Holiday Code SNFD06

Luxury fly-drive touring holiday from Madrid to Toledo and Andalusia staying in Baeza, Cordoba and Ronda

Highlights of Andalusia

With 800km of coastline, there are plenty of beaches to choose from - facing the Atlantic are the long, sandy beaches of the Costa de la Luz, extending south from the Portuguese border to Tarifa; covering the area between Malaga and Gibraltar is the famous Costa del Sol, known for its numerous beach resorts which range from the cheap and cheerful to exclusive luxury; to the south of Granada is the Costa Tropical, a stretch of coast with sandy coves and a pleasant microclimate; and to the east is the more rugged Costa de Almeria. A number of luxury resorts and hotels are located along each of these coastlines. Surrounding Granada is the Sierra Nevada, a mountain range where the Spanish mainland's highest peak can be found and home to white-washed mountain villages. In the far east of Andalusia is the Sierras de Cazorla, Segura y Las Villas Natural Park, the largest protected area in Spain where you can find hiking trails, mountain villages and many wild animals. Further south is The Cabo de Gata Natural Park, a land and sea reserve near Almeria which is home to unspoilt scenery and an abundance of wildlife. In the west of the region is the Doñana National Park, an extensive area in the delta of the Guadalquivir River which includes marshland and sand dunes and is a breeding ground of the endangered Iberian Lynx. Thanks to the region's great variety in landscapes, culture and cuisine, a luxury holiday to Andalusia is sure to be a delightful experience.

Cultural highlights of Andalusia

Many of the Andalusia's cultural highlights can be found in the three Moorish cities of Cordoba, Granada and Seville, all of which are home to a number of excellent luxury hotels. Cordoba, a UNESCO World Heritage Site and former centre of Muslim control during Andalusia's colonisation by the Islamic Empire. At the city's heart is the astounding Mezquita de Cordoba, a mediaeval mosque turned Catholic cathedral with endless Moorish arches, columns and glinting tiles of vibrant hues. Other highlights include the fascinating Jewish quarter and Roman ruins galore. Nearer the coast is Granada, where Islamic rule endured the longest and the magical Alhambra remains as a monument to this legacy. A 9th century palace fortress, it guards over the city from an elevated crag amongst vast, aromatic gardens. To the west, on the peaceful plains of River Guadalquivir, Seville quietly awaits discovery along with its three World Heritage Sites: the Alcazar palace, the gothic Cathedral and the General Archive of the Indies. Other towns and cities of interest in Andalusia include Jerez de la Frontera, where you can visit the sherry bodegas which make the city famous and watch the dressage displays which are held at The Royal Andalusian School of Equestrian Art; Cadiz, the oldest city in Europe which is surrounded almost entirely by water; Ronda, a spectacular city which is split in half by a narrow gorge; Malaga, birthplace of Picasso and home to a Museum which displays a collection of his work; the small town of Baeza, where you can find stunning examples of Renaissance architecture; and Almeria, a coastal city which is dominated by the Alcazaba, the largest Moorish fortress in Spain. During your stay in Andalusia make sure to witness the seductive art of flamenco. Alluring, passionate and cathartic, it's easy to understand how this gypsy tradition has become one of the most familiar emblems of Spanish culture.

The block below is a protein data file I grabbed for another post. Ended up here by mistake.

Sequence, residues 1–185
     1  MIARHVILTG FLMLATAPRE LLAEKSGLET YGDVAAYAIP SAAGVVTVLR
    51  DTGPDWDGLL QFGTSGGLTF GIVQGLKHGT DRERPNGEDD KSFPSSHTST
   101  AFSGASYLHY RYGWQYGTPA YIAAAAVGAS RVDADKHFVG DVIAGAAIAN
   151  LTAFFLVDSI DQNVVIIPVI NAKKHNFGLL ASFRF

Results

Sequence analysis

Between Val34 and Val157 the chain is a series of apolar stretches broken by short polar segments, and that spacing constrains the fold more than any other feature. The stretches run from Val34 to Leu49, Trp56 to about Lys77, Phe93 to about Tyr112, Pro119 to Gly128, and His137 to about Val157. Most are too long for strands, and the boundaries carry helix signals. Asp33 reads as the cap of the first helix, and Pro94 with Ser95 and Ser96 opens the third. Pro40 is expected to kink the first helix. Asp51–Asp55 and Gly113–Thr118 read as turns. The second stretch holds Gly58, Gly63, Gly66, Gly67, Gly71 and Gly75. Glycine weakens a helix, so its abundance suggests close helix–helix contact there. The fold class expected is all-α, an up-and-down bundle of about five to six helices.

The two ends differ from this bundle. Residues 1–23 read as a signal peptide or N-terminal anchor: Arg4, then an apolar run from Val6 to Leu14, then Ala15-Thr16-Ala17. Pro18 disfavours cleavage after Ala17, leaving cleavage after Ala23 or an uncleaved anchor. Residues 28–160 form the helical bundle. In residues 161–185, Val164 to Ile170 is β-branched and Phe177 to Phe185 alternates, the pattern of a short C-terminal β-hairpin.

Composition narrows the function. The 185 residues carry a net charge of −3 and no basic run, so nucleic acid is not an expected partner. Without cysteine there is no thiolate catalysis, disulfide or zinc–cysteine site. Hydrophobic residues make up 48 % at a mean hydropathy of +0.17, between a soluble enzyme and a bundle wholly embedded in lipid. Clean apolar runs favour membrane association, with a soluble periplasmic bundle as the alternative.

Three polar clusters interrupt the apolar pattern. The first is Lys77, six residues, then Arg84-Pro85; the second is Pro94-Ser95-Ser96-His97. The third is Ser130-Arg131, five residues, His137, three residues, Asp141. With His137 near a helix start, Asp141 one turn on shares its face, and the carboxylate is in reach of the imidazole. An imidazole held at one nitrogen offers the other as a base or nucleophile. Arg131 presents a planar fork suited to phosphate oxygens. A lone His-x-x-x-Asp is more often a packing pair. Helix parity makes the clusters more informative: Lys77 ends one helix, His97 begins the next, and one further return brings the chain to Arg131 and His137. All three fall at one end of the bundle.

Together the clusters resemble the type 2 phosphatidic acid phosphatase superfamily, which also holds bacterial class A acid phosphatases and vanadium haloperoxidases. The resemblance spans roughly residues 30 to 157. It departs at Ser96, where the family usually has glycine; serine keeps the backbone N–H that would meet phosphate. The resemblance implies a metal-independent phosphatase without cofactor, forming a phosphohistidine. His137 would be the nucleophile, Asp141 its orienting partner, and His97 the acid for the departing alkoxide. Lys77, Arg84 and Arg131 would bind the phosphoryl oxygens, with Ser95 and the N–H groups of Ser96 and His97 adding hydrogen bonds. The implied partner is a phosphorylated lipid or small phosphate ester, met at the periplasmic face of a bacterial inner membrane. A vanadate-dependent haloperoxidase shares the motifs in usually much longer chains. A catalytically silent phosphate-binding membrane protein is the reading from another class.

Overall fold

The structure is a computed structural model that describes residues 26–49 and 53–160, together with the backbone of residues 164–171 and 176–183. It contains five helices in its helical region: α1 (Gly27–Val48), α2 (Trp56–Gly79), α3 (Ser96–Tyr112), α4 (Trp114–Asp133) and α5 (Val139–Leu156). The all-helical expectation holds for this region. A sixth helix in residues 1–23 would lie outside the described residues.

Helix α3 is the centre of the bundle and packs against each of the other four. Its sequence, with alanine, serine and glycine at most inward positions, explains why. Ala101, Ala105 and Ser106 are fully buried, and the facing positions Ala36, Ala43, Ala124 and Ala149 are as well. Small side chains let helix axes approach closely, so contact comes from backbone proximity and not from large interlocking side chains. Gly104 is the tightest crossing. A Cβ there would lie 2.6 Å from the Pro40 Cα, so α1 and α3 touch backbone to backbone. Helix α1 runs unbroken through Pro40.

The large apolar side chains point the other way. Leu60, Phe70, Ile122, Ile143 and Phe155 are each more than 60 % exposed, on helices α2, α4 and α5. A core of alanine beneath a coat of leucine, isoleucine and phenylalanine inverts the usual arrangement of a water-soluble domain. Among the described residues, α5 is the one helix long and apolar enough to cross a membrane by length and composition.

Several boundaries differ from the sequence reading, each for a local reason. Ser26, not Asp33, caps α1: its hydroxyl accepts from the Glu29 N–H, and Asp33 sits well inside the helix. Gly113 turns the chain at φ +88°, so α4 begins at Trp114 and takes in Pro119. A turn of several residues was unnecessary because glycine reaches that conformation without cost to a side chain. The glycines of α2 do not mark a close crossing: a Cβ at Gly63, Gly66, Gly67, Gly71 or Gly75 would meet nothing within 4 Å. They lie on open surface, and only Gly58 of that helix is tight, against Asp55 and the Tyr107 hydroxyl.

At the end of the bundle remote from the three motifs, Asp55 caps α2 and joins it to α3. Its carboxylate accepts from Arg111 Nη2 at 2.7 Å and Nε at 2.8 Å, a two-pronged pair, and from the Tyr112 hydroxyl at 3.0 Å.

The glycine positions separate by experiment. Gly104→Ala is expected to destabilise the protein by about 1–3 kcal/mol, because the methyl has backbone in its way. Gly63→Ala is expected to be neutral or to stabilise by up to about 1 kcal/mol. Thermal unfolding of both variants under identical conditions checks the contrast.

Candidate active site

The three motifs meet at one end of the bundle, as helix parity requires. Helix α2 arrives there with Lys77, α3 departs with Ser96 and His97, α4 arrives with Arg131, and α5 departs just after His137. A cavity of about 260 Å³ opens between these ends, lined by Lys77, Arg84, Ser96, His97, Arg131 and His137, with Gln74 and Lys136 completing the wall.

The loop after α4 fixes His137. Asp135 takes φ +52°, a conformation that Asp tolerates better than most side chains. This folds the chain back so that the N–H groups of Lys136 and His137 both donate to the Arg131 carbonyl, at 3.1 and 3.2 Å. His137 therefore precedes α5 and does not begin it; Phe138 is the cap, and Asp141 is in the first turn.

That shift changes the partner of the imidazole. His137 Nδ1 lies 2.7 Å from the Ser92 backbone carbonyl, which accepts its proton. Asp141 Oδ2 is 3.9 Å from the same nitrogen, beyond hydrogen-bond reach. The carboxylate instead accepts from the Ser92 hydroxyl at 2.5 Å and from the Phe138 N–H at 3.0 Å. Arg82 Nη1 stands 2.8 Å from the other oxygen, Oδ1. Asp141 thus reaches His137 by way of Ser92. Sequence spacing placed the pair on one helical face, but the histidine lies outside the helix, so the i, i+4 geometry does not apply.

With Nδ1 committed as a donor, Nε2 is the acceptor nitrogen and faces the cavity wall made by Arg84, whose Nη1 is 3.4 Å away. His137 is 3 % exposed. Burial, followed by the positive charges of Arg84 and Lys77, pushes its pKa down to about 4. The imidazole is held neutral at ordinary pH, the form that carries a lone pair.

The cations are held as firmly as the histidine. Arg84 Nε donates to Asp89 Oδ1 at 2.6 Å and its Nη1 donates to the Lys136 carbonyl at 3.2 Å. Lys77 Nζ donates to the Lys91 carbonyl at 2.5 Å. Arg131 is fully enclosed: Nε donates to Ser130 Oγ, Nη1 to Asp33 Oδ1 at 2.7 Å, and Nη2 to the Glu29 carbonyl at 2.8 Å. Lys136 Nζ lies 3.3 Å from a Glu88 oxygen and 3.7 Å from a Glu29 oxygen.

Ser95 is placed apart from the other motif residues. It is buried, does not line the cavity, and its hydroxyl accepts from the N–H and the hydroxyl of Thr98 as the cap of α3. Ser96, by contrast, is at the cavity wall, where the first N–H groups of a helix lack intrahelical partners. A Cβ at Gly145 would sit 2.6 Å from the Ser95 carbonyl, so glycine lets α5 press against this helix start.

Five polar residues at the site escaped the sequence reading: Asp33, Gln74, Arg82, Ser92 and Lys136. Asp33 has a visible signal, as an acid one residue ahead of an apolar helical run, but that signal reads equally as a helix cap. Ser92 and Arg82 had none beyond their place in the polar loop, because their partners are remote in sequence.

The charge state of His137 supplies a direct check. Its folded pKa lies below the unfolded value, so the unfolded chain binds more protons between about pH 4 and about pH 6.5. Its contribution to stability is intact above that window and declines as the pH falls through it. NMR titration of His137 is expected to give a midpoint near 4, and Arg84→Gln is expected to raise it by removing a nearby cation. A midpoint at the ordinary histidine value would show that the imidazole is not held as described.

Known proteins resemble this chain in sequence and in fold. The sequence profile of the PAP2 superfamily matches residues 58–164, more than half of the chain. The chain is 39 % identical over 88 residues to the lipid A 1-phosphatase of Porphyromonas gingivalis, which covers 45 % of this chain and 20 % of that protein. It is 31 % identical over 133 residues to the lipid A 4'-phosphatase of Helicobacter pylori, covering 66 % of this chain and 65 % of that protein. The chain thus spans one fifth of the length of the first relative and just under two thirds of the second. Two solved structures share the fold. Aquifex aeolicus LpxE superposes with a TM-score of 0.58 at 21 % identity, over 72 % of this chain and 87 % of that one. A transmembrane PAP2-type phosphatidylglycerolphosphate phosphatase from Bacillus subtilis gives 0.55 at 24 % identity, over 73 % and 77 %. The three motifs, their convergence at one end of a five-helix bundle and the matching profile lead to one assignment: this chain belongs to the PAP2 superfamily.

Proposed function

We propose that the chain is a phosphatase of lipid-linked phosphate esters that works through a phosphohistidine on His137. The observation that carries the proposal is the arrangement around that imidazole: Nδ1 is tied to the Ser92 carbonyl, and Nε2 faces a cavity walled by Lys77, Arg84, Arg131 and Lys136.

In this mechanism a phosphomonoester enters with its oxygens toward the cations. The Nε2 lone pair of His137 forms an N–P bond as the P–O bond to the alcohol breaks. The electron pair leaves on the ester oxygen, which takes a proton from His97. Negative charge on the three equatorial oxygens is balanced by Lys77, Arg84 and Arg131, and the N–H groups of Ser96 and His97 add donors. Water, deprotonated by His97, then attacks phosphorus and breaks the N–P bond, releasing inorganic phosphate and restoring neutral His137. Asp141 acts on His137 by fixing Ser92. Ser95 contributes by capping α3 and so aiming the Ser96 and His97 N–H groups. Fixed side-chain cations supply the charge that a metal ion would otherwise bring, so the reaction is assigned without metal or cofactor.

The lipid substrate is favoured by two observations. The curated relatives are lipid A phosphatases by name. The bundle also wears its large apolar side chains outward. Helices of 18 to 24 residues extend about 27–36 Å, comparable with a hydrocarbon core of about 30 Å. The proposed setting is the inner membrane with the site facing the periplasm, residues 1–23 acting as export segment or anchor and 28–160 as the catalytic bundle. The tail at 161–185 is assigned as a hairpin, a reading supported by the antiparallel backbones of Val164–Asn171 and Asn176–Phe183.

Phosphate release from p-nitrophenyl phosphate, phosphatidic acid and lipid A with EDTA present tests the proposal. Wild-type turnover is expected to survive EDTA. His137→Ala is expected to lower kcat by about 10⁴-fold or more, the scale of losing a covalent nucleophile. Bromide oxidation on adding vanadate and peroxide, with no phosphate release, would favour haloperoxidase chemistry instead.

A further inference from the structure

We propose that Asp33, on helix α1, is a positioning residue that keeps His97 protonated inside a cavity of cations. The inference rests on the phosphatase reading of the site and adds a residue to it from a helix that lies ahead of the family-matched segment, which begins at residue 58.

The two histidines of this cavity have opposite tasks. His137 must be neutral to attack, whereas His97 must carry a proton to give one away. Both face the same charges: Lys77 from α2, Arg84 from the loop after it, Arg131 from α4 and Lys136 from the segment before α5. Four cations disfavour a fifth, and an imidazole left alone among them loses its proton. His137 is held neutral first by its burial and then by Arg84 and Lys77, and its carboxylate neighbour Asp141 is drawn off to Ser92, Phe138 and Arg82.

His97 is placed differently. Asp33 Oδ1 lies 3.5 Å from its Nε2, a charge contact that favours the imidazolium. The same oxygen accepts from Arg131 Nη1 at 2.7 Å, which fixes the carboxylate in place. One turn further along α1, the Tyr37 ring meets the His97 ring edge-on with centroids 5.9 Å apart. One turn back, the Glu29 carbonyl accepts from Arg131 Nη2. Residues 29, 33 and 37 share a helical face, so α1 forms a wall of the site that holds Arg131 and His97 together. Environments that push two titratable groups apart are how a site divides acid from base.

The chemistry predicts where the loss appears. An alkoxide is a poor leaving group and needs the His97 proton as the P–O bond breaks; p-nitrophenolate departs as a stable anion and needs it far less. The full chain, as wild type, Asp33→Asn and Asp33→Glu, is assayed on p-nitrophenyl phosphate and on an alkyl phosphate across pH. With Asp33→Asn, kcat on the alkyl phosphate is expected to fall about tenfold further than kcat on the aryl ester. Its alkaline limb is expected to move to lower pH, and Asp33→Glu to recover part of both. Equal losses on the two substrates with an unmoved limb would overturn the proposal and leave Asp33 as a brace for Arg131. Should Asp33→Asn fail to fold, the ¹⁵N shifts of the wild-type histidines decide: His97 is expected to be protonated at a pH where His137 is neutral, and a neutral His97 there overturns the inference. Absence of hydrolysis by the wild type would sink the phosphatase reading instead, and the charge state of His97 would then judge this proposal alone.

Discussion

Festivals in Andalusia

There are a huge number of local festivals held in villages, towns and cities throughout Andalusia, many of which have a religious significance. 5 January: Three Kings parades, February: Shrove Tuesday Carnivals, February: Seville Tapas Fair, February to March: Jerez Flamenco Festival, March/April: Holy week celebrations, April to October: Seville Bullfighting season, April/May: Seville Spring Fair, April/May: Úbeda Classical Music Festival, Mid May: Jerez Horse Fair, June to July: Granada Music & Dance Festival, June - July: Cordoba Guitar Festival, August: Malaga Summer Fair, September: Ronda bullfighting festival, November: Granada Jazz Festival.

Gastronomy in Andalusia

Cuisine in Andalusia is diverse, varying throughout the region and combining Arabic flavours with more common Mediterranean ingredients such as seafood, olive oil and an abundance of fresh fruit and vegetables. As the birthplace of tapas, Andalusia is an excellent place to try the snacks which are often served free with drinks in Granada. Other Andalusian specialities include Serrano ham from the Sierra Nevada and sherry from Jerez de la Frontera, as well as dishes such as ‘Ajo blanco’ (a white gazpacho), ‘Espetos de sardina’ (roasted sardines), ‘Huevos a la flamenca’ (baked eggs with vegetables) and ‘Fritura de pescado’ (mixed fried fish).